Blog: CELA Proposes Amendments to Fix Toxic Substances Law

Blog post by Joseph F Castrilli, CELA Counsel

CELA urges the Government of Canada to adopt amendments CELA drafted to strengthen Bill S-5, the first major bill in Parliament in over two decades that addresses the Canadian Environmental Protection Act, 1999, Canada’s key law controlling toxic substances. The amendments CELA is proposing follow lengthy submissions it provided to the federal environment and health ministers last month, which cataloged major problems with the government’s bill.

Among the CELA proposed amendments to Bill S-5 include:

  • An enforceable remedy for the right to a healthy environment proposed by Bill S-5, which otherwise lacks a remedy;
  • Turning the discretionary Ministerial power to require companies to adopt pollution prevention plans, which has only been exercised by the Minister for one-sixth of the 150 toxic substances covered by CEPA over the last two decades, into a mandatory obligation to do so that would result in coverage of all such substances in the next few years and also enshrine the examination of alternatives with respect to such substances as a central pillar of federal environmental law;
  • Imposing mandatory testing obligations on industry where available information is lacking to help determine whether a substance is toxic, or capable of becoming toxic, in the context of such issues as endocrine-disrupting substances, cumulative effects, and impacts on vulnerable populations;
  • Establishing authority for enforceable ambient air quality standards to address nationally problematic substances like lead; and
  • Retaining but improving existing authority in CEPA that Bill S-5 would remove on such issues as:
    • virtual elimination of toxic substances;
    • geographic targeting of regulatory authority; and
    • identifying substances as “toxic”.

CELA’s amendments on this last issue are particularly important. Bill S-5 would: (1) eliminate the word “toxic” from CEPA’s current Schedule 1 List of Toxic Substances; and (2) divide the Schedule into two parts and result in almost 90 percent of the substances being potentially subject to less stringent controls. In CELA’s view these proposed changes by Bill S-5 risk undermining the foundation of the statute as valid federal legislation under the criminal law power of the Constitution as established by the Supreme Court of Canada in the 1997 Hydro-Quebec case. While the chemical industry has applauded the decision to change the title of Schedule 1 to remove the reference to toxic substances, the federal government has provided no compelling reason for its proposed changes to Schedule 1. It is also contrary to the advice the House Standing Committee on the Environment provided Parliament and the Government of Canada in 2007. At that time the House Committee stated in part:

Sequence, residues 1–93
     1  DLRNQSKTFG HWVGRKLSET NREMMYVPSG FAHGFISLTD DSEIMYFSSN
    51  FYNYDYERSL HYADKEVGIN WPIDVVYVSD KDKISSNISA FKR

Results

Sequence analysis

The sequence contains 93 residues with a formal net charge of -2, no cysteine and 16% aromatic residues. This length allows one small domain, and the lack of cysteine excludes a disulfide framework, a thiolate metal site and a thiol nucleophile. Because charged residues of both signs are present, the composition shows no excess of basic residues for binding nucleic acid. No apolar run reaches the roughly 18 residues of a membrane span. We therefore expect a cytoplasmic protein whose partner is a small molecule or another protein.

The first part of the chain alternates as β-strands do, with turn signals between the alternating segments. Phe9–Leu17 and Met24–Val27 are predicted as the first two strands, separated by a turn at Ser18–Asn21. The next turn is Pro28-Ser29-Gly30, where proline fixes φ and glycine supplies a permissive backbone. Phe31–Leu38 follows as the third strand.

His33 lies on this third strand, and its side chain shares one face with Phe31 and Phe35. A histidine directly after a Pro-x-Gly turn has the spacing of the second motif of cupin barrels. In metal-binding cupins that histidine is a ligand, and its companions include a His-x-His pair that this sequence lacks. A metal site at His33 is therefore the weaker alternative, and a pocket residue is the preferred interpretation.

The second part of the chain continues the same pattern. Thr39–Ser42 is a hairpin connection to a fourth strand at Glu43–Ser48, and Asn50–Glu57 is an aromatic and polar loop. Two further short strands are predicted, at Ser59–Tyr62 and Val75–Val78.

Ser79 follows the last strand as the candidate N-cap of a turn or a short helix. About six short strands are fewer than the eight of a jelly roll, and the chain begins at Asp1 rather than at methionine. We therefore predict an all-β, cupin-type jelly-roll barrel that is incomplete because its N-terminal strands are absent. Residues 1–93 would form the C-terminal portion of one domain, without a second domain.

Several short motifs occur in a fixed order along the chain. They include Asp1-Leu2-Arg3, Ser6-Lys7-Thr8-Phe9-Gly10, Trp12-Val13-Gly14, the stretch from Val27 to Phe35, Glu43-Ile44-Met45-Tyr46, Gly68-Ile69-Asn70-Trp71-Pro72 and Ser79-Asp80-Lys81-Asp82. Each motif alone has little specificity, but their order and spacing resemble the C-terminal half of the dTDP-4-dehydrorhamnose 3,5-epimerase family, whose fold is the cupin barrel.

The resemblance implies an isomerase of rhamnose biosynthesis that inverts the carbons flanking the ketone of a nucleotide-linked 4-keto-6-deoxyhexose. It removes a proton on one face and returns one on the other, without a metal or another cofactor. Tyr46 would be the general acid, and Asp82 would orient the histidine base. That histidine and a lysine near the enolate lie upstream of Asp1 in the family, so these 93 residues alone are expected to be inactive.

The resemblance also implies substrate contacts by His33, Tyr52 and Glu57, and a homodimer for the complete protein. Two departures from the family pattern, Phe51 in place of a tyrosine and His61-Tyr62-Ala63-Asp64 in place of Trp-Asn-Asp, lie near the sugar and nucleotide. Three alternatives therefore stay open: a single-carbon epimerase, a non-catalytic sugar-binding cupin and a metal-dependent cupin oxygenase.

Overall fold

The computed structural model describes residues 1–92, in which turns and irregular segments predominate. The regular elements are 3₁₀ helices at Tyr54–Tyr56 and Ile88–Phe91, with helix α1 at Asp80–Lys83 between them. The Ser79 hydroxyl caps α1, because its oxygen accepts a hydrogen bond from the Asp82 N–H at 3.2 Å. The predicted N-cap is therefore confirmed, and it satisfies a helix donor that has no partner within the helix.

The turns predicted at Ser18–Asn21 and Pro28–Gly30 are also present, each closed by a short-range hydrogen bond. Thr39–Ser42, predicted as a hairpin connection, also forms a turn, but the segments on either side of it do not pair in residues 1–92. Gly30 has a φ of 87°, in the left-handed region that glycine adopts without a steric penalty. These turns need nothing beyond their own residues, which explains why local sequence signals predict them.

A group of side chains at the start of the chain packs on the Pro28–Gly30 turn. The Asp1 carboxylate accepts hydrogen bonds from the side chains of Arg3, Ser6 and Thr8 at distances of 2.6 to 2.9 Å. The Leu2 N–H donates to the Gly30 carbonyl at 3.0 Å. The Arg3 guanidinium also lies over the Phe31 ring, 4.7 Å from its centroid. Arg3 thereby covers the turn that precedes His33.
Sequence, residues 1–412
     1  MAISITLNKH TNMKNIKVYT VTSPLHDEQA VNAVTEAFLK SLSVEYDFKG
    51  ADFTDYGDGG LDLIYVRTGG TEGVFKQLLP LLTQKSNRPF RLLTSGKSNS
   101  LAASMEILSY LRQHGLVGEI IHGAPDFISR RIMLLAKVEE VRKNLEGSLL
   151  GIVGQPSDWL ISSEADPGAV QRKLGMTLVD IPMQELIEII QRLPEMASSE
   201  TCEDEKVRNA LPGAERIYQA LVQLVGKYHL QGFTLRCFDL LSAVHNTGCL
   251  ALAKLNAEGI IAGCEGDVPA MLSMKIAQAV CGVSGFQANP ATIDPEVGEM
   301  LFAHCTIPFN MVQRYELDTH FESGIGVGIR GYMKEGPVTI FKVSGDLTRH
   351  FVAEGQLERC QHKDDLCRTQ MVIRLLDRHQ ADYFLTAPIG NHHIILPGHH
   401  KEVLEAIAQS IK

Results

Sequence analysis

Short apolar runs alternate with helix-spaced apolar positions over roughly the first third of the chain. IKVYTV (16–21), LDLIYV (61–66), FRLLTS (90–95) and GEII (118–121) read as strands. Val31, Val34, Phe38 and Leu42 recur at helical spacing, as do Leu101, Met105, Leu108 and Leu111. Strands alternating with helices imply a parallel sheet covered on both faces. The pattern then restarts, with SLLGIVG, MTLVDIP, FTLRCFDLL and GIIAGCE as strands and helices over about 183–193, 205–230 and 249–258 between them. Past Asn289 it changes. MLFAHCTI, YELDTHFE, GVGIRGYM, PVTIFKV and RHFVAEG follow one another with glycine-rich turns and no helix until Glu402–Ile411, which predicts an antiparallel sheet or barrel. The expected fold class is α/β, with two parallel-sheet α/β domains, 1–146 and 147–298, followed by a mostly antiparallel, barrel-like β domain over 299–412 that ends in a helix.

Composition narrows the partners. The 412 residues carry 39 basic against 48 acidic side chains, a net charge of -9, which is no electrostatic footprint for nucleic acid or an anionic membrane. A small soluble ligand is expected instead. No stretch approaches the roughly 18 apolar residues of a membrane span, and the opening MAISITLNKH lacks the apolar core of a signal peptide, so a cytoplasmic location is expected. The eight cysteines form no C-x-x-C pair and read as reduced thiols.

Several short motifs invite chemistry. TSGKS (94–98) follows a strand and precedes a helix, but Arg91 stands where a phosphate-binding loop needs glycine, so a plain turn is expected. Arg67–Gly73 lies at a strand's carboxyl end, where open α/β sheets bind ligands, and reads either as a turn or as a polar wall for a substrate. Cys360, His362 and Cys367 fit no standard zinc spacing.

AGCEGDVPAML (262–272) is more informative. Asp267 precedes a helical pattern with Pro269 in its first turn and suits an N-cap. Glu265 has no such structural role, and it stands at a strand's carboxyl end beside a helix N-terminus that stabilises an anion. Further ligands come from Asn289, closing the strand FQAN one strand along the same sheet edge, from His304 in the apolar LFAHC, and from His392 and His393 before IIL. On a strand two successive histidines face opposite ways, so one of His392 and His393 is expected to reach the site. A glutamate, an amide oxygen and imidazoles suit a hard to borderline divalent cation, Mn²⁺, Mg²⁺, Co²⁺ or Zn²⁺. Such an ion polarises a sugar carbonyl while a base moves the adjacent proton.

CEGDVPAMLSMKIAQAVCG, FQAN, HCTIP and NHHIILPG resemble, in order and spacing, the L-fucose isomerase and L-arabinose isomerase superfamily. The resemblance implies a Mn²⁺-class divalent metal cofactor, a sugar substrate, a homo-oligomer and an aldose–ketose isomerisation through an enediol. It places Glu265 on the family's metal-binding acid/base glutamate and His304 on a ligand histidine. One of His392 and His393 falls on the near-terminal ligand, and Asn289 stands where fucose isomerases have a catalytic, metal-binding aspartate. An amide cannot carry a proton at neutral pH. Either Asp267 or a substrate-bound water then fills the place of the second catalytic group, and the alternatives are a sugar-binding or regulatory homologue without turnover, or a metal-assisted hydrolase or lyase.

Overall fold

“The constitutional authority for CEPA was narrowly upheld by the Supreme Court in the [Hydro-Quebec] case as a valid exercise of the federal criminal law power. The removal of the word “toxic” would almost certainly invite litigation and, though unlikely, could tip the balance of the court on the issue of constitutionality”.

Bill S-5 goes even further than what the 2007 House Committee warned against doing because the Bill not only removes the word “toxic” from the title of Schedule 1 of CEPA but also creates two tiers of substances, one tier of which is subject to less stringent controls. This kind of change sends the wrong message to the public and the courts. It falls into the category of fixing what isn’t broken and may have the unintended consequence of making what was settled constitutional law up to now, uncertain going forward.

In CELA’s view, there are serious, but solvable, problems with CEPA that the government has not addressed in Bill S-5. The current name of Schedule 1 is not one of those problems but Bill S-5 could turn it into one. It’s time for the public to have its say on this – and other issues – regarding what our federal toxics law should look like and address over the next twenty years.
For more information about the Canadian Environmental Protection Act, see our law reform page here.